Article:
Two themes dominate Josipovici’s book, as two themes have dominated most critics’ response to it. In a world that moved from being viewed by the vast majority through a sacramental lens, to one where earthly powers had ever more secular explanations, the problem of authority became a problem for art and artists. Why and in what way did the artist have authority to speak? And how could that question inform the art that the artist produced, so that their work did not exhibit the bad faith of pretending that question away. This leads to our second theme: the disenchantment of the world. Do artists seek to re-enchant the world (and who/what gives them authority to do so) or to respond to its disenchantment? Either way, it’s a serious job, even when you’re laughing as you do it, like Sterne or Spark. For readers who seek through their reading to reach into existenital questions of their own, it is a vital activity. The critics who responded to Josipovici seem disenchanted that he has reminded them how small their current giants are, annoyed that he has asked why so many of the books they have spent a lifetime praising are so thin and insubstantial, and they have responded spitefully to an authoritative critic that they don’t have the nous to read carefully and even to begin to understand.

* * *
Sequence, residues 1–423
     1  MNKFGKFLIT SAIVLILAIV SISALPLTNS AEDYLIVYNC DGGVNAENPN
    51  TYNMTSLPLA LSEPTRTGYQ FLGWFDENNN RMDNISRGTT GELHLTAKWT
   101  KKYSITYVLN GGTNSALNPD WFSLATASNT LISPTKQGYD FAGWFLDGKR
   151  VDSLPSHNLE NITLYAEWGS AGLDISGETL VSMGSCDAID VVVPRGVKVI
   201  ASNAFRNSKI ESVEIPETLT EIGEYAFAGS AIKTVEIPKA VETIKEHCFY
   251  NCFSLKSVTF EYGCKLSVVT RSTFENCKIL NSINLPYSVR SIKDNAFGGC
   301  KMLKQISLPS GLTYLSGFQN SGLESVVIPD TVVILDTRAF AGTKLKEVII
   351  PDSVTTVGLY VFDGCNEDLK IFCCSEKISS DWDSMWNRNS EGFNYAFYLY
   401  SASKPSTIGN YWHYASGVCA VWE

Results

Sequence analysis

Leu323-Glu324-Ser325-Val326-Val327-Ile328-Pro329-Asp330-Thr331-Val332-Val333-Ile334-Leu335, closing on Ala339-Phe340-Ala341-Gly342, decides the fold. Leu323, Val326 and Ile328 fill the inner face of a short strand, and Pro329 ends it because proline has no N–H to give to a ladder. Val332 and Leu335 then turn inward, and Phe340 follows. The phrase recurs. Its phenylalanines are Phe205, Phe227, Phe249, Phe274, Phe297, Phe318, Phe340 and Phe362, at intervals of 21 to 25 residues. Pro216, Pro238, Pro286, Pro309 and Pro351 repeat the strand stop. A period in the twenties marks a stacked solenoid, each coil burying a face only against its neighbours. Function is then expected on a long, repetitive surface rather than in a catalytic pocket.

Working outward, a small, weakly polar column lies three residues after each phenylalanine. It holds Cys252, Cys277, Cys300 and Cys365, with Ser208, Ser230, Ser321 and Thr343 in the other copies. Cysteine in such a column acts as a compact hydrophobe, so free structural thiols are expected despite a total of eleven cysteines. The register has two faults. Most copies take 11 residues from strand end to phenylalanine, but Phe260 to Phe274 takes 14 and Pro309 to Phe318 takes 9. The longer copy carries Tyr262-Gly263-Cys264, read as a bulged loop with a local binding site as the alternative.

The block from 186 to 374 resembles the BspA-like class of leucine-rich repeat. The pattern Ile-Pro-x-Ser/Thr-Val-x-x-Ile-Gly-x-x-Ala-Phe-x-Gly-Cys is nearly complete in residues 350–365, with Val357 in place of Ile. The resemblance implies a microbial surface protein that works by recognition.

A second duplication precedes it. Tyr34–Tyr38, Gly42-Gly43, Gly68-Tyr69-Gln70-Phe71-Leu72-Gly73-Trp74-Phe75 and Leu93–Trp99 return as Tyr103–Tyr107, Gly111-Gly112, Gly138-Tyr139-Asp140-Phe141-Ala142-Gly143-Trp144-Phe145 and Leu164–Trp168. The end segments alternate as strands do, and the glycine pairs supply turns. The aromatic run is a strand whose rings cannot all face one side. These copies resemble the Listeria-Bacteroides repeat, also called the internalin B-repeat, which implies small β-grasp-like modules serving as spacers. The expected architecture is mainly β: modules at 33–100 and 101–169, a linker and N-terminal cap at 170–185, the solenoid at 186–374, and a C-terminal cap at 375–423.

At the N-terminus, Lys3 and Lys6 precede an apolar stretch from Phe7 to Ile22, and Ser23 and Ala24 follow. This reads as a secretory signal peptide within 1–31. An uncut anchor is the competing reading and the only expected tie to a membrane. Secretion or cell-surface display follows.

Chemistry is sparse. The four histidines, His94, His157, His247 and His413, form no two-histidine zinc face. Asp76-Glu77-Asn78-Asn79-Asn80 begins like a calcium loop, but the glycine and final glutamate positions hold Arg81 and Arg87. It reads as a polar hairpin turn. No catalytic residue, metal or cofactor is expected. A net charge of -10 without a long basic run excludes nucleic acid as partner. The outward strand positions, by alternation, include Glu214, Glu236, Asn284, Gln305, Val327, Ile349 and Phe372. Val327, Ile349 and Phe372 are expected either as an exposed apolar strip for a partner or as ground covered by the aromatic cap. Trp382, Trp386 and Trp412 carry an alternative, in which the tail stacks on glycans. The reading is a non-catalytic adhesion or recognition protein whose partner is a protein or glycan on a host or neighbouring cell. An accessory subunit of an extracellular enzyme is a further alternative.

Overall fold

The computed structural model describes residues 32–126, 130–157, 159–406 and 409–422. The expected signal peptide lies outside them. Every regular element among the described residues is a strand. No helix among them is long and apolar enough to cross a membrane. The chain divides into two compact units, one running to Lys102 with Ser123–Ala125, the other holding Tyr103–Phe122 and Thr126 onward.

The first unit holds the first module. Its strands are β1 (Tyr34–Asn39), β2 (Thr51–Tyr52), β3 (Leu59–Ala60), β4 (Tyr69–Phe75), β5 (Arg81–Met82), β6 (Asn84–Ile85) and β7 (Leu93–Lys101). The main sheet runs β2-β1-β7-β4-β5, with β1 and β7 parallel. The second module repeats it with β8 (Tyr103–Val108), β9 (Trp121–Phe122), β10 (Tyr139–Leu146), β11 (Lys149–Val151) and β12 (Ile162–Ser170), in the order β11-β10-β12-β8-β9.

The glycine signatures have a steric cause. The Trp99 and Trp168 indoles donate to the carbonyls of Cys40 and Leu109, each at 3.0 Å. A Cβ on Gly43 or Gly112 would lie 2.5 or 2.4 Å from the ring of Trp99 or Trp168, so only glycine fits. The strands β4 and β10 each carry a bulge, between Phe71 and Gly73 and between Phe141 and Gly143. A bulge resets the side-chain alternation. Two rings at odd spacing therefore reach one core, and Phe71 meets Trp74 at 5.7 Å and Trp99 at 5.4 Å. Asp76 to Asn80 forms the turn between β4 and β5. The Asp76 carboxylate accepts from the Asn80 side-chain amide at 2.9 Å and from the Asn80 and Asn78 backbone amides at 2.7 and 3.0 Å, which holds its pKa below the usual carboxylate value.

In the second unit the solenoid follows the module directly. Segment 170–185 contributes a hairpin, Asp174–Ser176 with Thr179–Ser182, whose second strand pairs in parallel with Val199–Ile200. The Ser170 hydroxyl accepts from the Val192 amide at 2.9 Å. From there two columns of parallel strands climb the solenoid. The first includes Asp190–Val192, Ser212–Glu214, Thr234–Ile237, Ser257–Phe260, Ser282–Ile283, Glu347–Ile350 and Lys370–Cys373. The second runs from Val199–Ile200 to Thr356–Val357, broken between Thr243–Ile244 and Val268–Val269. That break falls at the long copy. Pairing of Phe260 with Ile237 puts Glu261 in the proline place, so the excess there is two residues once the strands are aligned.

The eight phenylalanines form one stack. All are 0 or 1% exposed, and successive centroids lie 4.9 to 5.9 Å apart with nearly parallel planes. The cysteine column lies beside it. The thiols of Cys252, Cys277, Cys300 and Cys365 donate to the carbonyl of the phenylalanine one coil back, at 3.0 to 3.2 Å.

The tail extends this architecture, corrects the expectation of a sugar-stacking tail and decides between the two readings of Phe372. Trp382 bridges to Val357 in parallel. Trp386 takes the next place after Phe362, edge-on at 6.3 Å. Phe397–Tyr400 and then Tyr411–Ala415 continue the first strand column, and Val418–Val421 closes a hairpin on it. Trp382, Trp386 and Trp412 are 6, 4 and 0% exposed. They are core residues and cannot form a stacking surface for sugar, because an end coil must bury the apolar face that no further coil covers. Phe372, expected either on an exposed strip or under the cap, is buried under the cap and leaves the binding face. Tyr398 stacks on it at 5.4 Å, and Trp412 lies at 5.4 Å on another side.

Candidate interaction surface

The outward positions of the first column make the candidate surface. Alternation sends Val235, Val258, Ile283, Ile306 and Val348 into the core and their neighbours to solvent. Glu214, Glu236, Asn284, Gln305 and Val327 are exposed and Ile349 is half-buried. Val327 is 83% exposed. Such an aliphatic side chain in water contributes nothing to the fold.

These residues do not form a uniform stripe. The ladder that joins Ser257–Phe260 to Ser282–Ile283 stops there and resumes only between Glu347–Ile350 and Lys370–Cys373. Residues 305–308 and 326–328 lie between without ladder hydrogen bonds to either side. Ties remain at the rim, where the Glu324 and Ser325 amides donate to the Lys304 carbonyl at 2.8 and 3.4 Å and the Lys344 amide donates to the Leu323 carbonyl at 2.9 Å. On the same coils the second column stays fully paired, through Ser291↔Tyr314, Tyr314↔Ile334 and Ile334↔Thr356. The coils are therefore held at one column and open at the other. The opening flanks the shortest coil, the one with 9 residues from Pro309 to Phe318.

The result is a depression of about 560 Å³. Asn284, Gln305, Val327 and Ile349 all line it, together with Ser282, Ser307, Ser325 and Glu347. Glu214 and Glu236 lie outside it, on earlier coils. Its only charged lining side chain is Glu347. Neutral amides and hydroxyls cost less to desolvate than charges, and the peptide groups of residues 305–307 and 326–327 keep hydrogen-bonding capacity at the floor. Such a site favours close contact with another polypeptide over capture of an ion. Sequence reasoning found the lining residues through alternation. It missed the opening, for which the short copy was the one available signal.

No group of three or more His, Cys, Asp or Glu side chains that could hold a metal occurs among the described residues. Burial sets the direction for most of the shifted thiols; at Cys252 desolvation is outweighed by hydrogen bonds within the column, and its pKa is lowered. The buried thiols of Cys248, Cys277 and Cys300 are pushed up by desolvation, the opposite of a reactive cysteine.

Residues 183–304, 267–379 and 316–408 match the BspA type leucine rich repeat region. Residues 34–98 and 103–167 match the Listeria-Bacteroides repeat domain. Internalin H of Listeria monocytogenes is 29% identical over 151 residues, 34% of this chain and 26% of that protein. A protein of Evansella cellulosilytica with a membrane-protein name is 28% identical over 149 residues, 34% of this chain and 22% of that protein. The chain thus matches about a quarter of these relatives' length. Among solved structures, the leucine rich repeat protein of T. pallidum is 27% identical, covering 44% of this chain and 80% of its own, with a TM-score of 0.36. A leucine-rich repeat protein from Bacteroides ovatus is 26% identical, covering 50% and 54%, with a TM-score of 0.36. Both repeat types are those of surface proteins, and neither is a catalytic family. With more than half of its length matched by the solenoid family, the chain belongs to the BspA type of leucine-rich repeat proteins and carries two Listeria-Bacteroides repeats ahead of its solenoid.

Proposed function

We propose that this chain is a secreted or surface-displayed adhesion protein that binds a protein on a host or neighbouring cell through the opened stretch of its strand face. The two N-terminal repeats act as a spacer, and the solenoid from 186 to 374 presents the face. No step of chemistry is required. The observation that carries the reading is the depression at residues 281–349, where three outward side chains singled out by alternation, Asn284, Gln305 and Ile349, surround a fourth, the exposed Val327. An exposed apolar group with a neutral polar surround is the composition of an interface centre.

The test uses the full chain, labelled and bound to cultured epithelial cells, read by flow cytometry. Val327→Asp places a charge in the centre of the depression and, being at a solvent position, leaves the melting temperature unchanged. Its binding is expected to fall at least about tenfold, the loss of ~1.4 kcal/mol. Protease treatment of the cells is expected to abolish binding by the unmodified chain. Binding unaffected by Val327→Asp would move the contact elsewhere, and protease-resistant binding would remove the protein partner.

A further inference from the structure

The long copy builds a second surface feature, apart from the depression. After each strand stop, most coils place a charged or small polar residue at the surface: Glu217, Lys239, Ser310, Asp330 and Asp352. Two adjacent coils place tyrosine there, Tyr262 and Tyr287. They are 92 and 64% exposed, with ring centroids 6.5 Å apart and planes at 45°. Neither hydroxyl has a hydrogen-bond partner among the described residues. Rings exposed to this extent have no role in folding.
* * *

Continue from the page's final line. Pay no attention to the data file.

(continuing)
… a book of this kind must inevitably be personal, but that does not mean that it should be merely subjective: I wish to persuade my reader, not simply air my opinions. Yet it is difficult to walk the thin line between didacticism and rant, and between giving too much information and too little.
This prefatory paragraph from Gabriel Josipovici’s What Ever Happened to Modernism? could apply equally to his collection of essays The Singer on the Shore. The latter contains nineteen delightful literary essays on the Bible, Shakespeare, Kierkegaard, Kafka, Borges, Tristram Shandy and the Israeli novelist Aharon Appelfeld.